Date: June 11, 2019 12:03AM

What’s the point? Let Bill Hicks explain:

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Posted by: carameldreams ( )
Date: June 11, 2019 12:21AM

AnonStar1 Wrote:

> I'm 25, but the more I think about life,
> the scarier it is.

That might be the so-called problem?

Life is not supposed to be serious.

At All.

That's one of the Jedi mind tricks of religion, be it Mormon or some other cage.

It's a game.

You just don't know the rules yet and don't have your bearings. So, you are afraid of what you don't know how to play.

You don't 'find joy', you are joy.


But you would say, 'I try! It's so hard!'

Again, taking it seriously.

You would say, 'But it IS serious! It is MY LIFE!'


There ya go!


To ruin as you see fit (quoting the genius Morrissey)

But truly to do whatever you want.

But! But! But!

Everyone else says/does/fails/succeeds/expects/etc.!!!


But nooooo, you say! You have to 'recover' and you're 'useless' and 'it's so hard' and 'crisis' and would be 'unbearable' and 'crushed' and 'no future' and 'scarier' and, and, and...

Learn how to play the game better than anyone else you are observing. If their relationships failed, who cares?! Why would you ever define you by someone else?


Look at your language: who wouldn't feel hopeless with that self talk?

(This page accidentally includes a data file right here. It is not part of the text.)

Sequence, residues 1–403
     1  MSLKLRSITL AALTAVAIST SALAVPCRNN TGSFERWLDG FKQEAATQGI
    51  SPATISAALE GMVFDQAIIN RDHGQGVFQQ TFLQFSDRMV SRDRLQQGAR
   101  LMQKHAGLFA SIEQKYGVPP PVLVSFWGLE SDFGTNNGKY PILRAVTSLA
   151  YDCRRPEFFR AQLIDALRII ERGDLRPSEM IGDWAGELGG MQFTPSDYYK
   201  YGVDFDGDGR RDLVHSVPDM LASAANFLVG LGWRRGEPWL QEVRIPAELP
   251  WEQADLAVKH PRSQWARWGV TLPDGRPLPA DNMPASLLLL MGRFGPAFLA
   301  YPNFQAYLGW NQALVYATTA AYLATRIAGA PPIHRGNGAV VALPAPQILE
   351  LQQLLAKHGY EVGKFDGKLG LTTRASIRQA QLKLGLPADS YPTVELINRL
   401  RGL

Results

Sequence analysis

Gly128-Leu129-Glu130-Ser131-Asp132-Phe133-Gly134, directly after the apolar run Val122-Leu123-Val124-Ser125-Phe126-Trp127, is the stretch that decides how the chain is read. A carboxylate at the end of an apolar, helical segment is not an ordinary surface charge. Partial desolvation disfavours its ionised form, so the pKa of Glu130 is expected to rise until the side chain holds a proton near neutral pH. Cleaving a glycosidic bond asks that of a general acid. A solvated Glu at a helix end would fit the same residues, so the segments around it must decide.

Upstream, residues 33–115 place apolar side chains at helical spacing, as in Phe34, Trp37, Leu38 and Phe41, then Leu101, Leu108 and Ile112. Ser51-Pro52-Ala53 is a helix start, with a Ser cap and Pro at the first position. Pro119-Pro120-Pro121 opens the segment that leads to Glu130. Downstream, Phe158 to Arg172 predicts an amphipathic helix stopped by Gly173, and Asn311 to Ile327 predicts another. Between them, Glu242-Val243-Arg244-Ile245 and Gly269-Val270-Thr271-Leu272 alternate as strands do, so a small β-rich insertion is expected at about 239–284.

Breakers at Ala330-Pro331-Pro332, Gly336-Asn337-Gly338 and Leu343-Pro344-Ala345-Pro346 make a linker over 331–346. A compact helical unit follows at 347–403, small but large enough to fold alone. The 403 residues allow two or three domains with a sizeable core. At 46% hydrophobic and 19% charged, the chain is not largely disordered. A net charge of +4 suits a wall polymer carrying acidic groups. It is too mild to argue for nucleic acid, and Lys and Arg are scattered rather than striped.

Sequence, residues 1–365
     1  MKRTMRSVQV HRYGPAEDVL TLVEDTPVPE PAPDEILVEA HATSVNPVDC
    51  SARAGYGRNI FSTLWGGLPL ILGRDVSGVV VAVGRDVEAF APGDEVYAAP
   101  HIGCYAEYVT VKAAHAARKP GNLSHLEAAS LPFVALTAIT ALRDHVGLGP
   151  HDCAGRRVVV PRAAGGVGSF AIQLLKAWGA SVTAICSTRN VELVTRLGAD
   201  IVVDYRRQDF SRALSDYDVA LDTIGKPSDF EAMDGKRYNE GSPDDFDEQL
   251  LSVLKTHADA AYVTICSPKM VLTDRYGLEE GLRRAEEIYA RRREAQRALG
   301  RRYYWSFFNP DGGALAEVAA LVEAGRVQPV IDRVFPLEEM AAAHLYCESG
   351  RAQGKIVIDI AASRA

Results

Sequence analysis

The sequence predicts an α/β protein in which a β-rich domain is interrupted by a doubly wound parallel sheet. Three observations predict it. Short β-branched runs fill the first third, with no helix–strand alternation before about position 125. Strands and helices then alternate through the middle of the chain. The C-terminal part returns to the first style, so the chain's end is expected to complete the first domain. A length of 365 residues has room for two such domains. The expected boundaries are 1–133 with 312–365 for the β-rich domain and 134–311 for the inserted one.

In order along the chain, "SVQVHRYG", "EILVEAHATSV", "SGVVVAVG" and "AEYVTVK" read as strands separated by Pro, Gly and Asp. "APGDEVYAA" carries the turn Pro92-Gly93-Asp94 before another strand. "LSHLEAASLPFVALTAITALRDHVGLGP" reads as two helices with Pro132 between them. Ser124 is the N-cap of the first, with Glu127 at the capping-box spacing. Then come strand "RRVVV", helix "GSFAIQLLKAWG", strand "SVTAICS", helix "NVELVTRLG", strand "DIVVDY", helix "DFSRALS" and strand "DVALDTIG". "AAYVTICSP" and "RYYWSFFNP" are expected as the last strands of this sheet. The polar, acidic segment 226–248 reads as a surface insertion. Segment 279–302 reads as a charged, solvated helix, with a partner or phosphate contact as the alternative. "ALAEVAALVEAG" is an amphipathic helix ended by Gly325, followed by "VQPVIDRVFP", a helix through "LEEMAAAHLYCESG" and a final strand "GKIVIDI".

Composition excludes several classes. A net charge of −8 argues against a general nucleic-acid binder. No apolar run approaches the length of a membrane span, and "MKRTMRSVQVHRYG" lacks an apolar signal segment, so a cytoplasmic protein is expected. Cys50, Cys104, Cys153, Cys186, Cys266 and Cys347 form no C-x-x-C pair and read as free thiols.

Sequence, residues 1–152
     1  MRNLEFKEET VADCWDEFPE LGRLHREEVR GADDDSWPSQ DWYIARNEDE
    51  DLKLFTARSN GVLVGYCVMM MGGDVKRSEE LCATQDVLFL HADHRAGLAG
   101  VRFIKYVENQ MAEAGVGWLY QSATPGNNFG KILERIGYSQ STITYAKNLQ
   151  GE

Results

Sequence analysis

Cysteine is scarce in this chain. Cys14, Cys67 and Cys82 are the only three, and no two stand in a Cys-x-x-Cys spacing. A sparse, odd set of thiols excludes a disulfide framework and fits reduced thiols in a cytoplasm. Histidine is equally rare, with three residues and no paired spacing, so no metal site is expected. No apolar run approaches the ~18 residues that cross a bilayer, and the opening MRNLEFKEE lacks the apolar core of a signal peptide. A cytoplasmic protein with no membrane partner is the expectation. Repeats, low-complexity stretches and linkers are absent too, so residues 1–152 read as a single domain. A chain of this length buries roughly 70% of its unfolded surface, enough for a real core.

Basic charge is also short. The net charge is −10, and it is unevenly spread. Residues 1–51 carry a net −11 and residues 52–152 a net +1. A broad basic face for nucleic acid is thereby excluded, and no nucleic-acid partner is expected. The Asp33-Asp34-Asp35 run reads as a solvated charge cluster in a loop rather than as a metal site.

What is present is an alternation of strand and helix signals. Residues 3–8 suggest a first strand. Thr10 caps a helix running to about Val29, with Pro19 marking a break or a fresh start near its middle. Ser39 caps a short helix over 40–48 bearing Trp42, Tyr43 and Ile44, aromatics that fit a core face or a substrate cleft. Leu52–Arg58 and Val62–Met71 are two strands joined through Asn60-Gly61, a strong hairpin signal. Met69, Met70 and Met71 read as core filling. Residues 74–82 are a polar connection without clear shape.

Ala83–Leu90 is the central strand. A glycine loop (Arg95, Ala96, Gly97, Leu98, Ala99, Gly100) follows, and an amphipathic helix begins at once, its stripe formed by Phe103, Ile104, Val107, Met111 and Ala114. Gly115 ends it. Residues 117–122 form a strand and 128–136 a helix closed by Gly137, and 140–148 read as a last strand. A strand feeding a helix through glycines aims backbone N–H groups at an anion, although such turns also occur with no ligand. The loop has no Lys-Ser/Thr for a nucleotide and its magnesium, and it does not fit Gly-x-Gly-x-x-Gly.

Have we all been there? I think we all have. But you just don't have the tools yet and you could easily look back even a week from today and say, 'OMG! I thought life was this MAJOR DEAL and SO SERIOUS and really, it's whatever I make it up to be!'

I'm not the first to say it, but the pursuit happiness or 'finding joy' or other embroidered and embossed bs in modern society is really as much of a trick as religion is.

I wish you the best!

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Posted by: Tevai ( )
Date: June 11, 2019 01:49AM

Here is what I would do if I were in your position....

If you want to keep your family connections intact, you need to build a parallel life which your family doesn't know about.

Since this is an exmo board, let's say I lived somewhere in the Salt Lake City area.

I would Google: LGBT organizations, Salt Lake City, Utah

In order to write this post, I just did this, and there are (in the SLC area) many different organizations, of many different types, where you can show up for "whatever" (a meeting, a film showing, a concert, a meet-up)....and if you went to just one event per week, I can pretty much guarantee that, this time next year, you would have created a whole network of new friends who understand.